Monday, January 31, 2005

How much pumpkin is too much?

I painted the kitchen twice this weekend. The first time it was just too bright, so I went back to the paint store and bought a shade lighter and did it all over again. This weekend our kitchen has received a thorough scrub-down (mighty unusual!) and 5 - count 'em 5 - coats of paint. After the too-bright shade I figured I'd better primer again or I'd have trouble covering with the lighter shade.

We have gone from dirty-gummy blah-white to eye-popping fresh pumpkin to either peach or pumpkin chiffon, depending on the light. It's bright and intense and goes well beside the terra cotta in the dining room, hallway and living room. Good thing I like painting. Tonight we'll put the stove back. The fridge will return to its cranny when we get a crazy strong man to come help us.

Question: Can a room get smaller from successive coats of paint?

mompoet - orange and less-orange finger-nailed

Saturday, January 29, 2005

Happy Birthday mmmmMikaela!

I left the house of fever and grout for a few hours Friday evening. Went over to my friend's house. We'll call her Mikaela (she has asked that her real name not be used). We were joined by our good friend Kkkkk-Katya. Yup, we'll call her Katya. We three have birthday suppers together, usually at Casa Mikaela. This time it's Mikaela's birthday. She turns 44 first and sets the pace for Katya and me. Katya's birthday is in May, mine in November. (That is not a clue). By the way, if you're getting into this pseudonym thing you may call me ssss-Sabrina.

Anyway, we had some wine. Warning. You could put your head inside of one of Mikaela's wine glasses. So we have to be careful. We cooked supper together, which we like to do. Katya made yummy appies while Mikaela set up her thrift shop find: a real Vietnamese broth fondue cooker. It looks kind of like an angel food cake pan with extra pieces. You burn charcoal in a chamber in the middle, which heats broth to boiling with amazing speed. We cooked a bunch of different things in the broth: chicken, vietnamese meatballs, bbq duck and pork, tofu, and a whole bunch of veggies. We sat around and talked and stirred and ate and added more food, like you do with fondue. At the end we cooked shanghai noodles and had the soup with noodles. It was good. I made a peach crisp for dessert. We managed the mega-glasses fine too. Just 1.5 bottles of wine all night for three women.

I gave Mikaela Damien Rice O, which she doesn't have already (good!) Katya gave her an amazing metal-sculpture planter. Part of the tradition is that the birthday woman gives presents too. Mikaela gave us chenille socks, which are very cozy. We wore them right away. Also, she bought false eyelashes. So after supper we turned up the lights and sat at the table, trying to put on these eyelashes. Katya got a really fluffy pair. She was also very good at putting them on. She had watched her mom do it many times. You have to put this glue on them and carefully squeeze them onto your eyelid just abover your real lashes. Katya had a magnifying compact mirror and a steady hand. She looked very fluffy and dramatic, like Barbie. Then Mikaela put hers on. She got into it, which is very funny because she hardly ever wears makeup. She tried to use this awful "applicator" that came with the lashes, but looked more like something for plucking a chicken than getting up close to your eyeball. She got her lashes on and proceeded to do full makeup to find out what the whole effect would be. I had no mirror so I waited and stuck my lashes onto my wineglass and my forehead and my chin and upper lip for practice and basically laughed my head off for a long time while they worked at their beauty. My turn. I was awful at it. I looked like I just woke up, way too much, and you could see the gap between the fakes and my real lashes but I left them on to be a good sport. Then the glue started to dry and it felt horrible as it shrank like when you paint your face with watercolours and it starts to dry and crack. I put on my glasses and the lashes went bang bang bang like a moth trying to escape. Mikaela insisted we take them home and practice. I took mine home. I don't plan to practice. Once is enough.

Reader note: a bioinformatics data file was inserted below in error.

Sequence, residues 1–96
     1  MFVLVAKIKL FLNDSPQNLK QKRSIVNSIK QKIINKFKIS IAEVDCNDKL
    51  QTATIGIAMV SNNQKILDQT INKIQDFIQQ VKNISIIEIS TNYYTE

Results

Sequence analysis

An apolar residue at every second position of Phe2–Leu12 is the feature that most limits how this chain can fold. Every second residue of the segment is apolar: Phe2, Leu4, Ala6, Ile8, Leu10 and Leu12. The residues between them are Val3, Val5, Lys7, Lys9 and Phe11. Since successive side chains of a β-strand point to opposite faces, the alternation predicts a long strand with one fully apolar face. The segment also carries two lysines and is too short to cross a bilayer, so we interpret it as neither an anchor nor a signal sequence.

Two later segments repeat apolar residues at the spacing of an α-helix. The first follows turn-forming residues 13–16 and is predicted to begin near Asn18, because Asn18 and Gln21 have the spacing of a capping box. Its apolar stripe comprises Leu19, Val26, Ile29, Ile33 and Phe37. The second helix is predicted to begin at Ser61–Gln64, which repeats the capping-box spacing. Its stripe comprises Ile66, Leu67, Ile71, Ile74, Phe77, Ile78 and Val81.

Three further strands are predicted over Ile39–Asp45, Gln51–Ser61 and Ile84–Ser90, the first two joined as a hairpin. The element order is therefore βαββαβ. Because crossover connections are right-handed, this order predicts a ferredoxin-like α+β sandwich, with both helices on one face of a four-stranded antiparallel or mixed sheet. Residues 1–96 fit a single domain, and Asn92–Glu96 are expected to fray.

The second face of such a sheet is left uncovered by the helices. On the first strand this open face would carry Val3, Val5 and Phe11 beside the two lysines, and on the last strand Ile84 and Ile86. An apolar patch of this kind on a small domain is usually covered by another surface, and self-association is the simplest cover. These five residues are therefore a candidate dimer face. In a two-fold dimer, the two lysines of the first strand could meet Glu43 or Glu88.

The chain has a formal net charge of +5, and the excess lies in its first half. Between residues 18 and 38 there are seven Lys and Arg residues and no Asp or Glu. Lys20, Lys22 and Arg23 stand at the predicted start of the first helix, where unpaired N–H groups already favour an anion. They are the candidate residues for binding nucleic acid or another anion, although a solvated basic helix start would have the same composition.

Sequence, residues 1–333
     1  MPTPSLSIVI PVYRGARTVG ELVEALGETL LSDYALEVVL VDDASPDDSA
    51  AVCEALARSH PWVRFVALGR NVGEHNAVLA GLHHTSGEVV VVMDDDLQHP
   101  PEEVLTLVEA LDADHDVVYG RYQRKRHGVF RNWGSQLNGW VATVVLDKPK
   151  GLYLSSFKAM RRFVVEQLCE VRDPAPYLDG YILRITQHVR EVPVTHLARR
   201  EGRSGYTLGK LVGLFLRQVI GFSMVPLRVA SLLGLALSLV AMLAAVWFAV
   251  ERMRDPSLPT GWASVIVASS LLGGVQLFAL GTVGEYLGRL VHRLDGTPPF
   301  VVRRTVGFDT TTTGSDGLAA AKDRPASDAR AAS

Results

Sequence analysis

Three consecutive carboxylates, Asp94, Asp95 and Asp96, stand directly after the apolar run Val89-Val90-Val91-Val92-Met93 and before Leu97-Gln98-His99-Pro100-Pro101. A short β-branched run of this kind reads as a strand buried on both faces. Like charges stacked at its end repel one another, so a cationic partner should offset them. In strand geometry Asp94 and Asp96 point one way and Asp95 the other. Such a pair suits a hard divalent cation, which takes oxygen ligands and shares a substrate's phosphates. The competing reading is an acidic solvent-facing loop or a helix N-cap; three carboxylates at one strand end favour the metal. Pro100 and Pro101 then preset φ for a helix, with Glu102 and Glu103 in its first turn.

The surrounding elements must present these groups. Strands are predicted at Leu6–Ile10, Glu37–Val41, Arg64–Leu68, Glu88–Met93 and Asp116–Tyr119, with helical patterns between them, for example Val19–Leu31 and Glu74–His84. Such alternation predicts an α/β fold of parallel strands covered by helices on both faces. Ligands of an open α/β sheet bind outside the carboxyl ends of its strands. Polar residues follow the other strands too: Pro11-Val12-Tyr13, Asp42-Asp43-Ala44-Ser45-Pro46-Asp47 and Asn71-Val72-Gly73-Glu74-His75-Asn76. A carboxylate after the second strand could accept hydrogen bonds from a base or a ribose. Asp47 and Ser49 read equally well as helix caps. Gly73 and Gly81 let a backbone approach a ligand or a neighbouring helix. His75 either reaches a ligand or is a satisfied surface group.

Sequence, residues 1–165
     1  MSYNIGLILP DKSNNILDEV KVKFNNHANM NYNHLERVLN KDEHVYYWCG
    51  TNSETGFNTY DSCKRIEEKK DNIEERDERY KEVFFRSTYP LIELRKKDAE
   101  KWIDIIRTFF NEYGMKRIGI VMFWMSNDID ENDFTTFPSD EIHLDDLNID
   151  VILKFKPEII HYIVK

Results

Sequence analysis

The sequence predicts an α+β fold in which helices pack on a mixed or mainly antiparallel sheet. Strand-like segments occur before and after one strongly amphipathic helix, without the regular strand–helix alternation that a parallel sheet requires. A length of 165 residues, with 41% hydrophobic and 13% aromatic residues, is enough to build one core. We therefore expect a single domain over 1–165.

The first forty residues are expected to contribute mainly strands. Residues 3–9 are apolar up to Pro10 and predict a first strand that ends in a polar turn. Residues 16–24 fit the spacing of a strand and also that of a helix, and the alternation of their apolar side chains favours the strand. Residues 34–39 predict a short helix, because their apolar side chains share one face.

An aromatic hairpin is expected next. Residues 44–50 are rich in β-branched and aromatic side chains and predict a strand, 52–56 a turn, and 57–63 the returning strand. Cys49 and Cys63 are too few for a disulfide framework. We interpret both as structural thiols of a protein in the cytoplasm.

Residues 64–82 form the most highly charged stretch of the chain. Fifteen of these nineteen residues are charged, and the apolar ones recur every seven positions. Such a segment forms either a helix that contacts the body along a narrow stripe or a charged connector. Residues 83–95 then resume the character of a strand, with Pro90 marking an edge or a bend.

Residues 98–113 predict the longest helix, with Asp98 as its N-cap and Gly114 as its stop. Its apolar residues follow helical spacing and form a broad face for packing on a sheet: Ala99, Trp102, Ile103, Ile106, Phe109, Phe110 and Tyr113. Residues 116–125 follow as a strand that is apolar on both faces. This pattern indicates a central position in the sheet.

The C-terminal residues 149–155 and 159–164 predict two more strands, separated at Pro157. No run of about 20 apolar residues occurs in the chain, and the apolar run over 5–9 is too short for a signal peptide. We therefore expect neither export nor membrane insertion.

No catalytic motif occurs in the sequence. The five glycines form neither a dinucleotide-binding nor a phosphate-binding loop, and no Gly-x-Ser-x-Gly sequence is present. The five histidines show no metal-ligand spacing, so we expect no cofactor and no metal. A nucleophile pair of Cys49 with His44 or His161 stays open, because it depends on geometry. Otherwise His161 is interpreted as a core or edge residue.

Mikaela always wants us to try something that we have not done before. I think the eyelashes were pretty good. I think I'll probably get more use out of the socks, though.

question: how much glue can a lashline endure?

mompoet - natural-lashed

Friday, January 28, 2005


Q. What's warm and crunchy in the morning?
A. My nose.

Ewww yuk. Pass the tissues. Staying home from work today to prep painting and help with the last days of studying.

Question: no more (thank goodness)

mompoet - washing my face

Thursday, January 27, 2005

I Grout a Little

Husband is now really sick. Kids are on the mend. Rhinos are still running in my nose, but I am functional. Tom came over to grout. Andy couldn't do it (putting your head down to floor level when you have a fever and a headache and a stuffed nose is not recommended). So I helped grout. Mostly I hauled buckets of water and washed sponges, but I got to smear the brown stuff around too. I didn't realise that's how it's done. You plop this pumpkin pie/clay consistency stuff onto the tiles and smear it diagonally, pushing it down in to fill the gaps. Honest it is like spreading odourless shit all over your floor, which is actually kind of fun. You try to keep smearing and pushing it into the cracks so as to leave a minimum on top of the tiles and maximize the crack-filling. When you're done you wipe and wipe and wipe to take the residue off the tiles. Now the floor looks good. Tom said I shouldn't have told him what I thought it looked like because he never thought of that. Oh well, he doesn't have kids. Grouting is honestly every 2 year-old's potty dream.